Democrats and nuclear weapons opponents held a press conference at the Capitol on Tuesday in support of legislation that would take the unilateral authority to launch a nuclear weapon away from the presidency.
Sponsors Sen. Ed Markey (D-MA) and Rep. Ted Lieu (D-CA) were quick to say President Donald Trump did not inspire the bill, which was first introduced in 2016 “when everyone thought Hillary was going to be the next president,” Lieu said.
But both men and others who spoke cited Trump as a reason for “urgency” to get the legislation passed, calling him “paranoid” and “unstable” and displaying an array of placards with the president’s tweets and statements to prove their point.
Tom Collina, director of policy at Ploughshares Fund, an anti-nuclear weapons organization, said at the event that Trump was unstable and with ‘one phone call’ could launch thousands of nuclear weapons. (Penny Starr/Breitbart News)
“Now more than ever we need to cement this common-sense national security protection into law,” Markey said. “That’s because today, we have a president who has welcomed a 21st-century nuclear arms race with Russia while simultaneously tearing down the global arms control regime that has created stability, transparency, and security for decades.”
“A president who has shown time and again that he has no qualms acting impulsively with no consultation and with little justification in matters both foreign and domestic and who disturbingly believes that escalation and bullying are acceptable political tactics,” Markey said.
“I wish I could tell you that this was a fantasy, but today it’s our reality,” Markey said. “You just look around at some of these tweets and statements by the president.”
Freaked out by Trump's tweet threatening nuclear war with #NorthKorea? Support HR 669 / S 200 by Senator @EdMarkey and me. This bipartisan legislation prevents @POTUS from launching a nuclear first strike without Congressional authorization. https://t.co/rR6MKQIkT2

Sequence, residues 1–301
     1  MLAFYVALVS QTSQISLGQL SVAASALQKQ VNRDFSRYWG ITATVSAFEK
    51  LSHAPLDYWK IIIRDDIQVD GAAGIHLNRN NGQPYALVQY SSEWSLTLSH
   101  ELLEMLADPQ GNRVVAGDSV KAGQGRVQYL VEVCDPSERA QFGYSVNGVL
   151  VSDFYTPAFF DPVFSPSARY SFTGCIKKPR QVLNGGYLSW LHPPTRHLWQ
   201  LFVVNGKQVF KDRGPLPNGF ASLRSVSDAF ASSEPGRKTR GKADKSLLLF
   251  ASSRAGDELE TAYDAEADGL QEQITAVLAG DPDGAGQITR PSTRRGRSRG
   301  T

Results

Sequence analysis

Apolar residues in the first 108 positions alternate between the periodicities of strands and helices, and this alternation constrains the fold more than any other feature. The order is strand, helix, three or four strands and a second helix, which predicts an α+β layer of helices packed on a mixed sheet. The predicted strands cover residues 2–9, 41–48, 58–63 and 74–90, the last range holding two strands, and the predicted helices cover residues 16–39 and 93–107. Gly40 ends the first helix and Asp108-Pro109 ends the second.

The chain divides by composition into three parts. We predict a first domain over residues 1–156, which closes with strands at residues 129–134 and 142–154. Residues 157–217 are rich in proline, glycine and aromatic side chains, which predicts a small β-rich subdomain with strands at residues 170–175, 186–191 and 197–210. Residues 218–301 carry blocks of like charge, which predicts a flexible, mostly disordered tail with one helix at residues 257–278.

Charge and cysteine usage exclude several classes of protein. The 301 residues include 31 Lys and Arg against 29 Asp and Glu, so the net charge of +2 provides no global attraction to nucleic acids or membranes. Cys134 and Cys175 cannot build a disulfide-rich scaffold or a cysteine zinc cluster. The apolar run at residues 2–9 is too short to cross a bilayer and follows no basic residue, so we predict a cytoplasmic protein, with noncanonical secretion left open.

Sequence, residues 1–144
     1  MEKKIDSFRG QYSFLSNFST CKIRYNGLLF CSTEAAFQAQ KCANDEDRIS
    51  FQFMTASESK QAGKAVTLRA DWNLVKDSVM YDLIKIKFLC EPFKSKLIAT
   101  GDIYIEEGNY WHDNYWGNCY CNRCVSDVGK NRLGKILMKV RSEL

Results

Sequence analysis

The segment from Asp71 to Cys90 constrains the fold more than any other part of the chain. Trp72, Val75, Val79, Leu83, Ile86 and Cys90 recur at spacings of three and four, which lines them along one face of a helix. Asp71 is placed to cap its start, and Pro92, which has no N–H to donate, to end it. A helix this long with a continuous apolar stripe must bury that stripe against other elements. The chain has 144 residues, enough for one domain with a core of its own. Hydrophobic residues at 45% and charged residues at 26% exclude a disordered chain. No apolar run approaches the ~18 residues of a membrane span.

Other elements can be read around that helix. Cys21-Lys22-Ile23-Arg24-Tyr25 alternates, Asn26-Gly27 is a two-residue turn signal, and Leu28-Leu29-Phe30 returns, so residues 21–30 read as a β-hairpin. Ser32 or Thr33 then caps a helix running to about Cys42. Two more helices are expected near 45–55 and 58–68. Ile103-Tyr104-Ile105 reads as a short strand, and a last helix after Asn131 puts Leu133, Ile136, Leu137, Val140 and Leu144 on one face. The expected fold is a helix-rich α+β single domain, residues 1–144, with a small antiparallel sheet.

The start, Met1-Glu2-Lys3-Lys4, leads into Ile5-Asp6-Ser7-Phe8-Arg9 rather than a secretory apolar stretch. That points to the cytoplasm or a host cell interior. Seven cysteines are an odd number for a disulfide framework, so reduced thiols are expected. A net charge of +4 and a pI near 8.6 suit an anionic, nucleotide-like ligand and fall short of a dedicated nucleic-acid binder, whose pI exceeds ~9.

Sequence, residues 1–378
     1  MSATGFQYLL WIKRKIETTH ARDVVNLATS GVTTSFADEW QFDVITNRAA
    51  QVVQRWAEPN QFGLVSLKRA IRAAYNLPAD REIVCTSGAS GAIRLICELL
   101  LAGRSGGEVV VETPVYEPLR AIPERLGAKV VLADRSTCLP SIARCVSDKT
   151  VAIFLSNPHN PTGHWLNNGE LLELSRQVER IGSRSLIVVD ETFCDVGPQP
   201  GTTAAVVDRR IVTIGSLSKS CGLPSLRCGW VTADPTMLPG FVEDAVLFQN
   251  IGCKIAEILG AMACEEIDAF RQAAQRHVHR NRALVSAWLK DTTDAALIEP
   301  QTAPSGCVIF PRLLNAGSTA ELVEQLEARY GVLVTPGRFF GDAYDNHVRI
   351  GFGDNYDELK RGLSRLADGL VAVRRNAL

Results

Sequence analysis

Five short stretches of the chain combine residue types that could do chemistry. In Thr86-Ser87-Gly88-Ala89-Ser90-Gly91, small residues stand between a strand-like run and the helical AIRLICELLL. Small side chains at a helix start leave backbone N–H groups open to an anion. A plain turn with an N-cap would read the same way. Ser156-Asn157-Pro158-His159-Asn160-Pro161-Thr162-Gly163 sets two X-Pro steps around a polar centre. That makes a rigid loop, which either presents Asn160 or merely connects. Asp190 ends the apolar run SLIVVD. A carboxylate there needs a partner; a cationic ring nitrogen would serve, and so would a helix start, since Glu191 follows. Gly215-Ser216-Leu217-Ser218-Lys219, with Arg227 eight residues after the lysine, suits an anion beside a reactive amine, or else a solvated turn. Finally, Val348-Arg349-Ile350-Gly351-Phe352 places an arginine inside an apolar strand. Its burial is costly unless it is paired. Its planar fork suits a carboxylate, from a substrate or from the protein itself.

— Ted Lieu (@tedlieu) January 3, 2018
“This bill was not introduced in response to Donald Trump,” Lieu said. “We introduced it under the Obama administration at a time when most people thought Hillary was going to be the next president.”
“However, with Donald Trump, there is more urgency to this legislation,” Lieu said.
One of the speakers was Tom Collina, director of policy at Ploughshares Fund, an anti-nuclear weapons organization.
“Congress needs to work on this issue now more than ever — within minutes with just one phone call President Trump could unleash up to a thousand nuclear weapons each one many times more powerful than the Hiroshima bomb,” Collina said. “Such an act would end civilization, millions of people and no one — not one single person could stop the president from unleashing this incredible force.”
“For President Trump starting a nuclear war is about as easy as sending a tweet or as easy as pushing a button,” Collina said, holding up a novelty red button. “President Trump has proved himself to be an unstable and erratic leader.”
Lieu explained that the legislation would fix a “longstanding Constitutional defect” that allows one person to declare war by launching a nuclear weapon or weapons when the Constitution grants that power to Congress.
If the House and Senate pass the bill, the president would have to sign it into law.
Follow Penny Starr on Twitter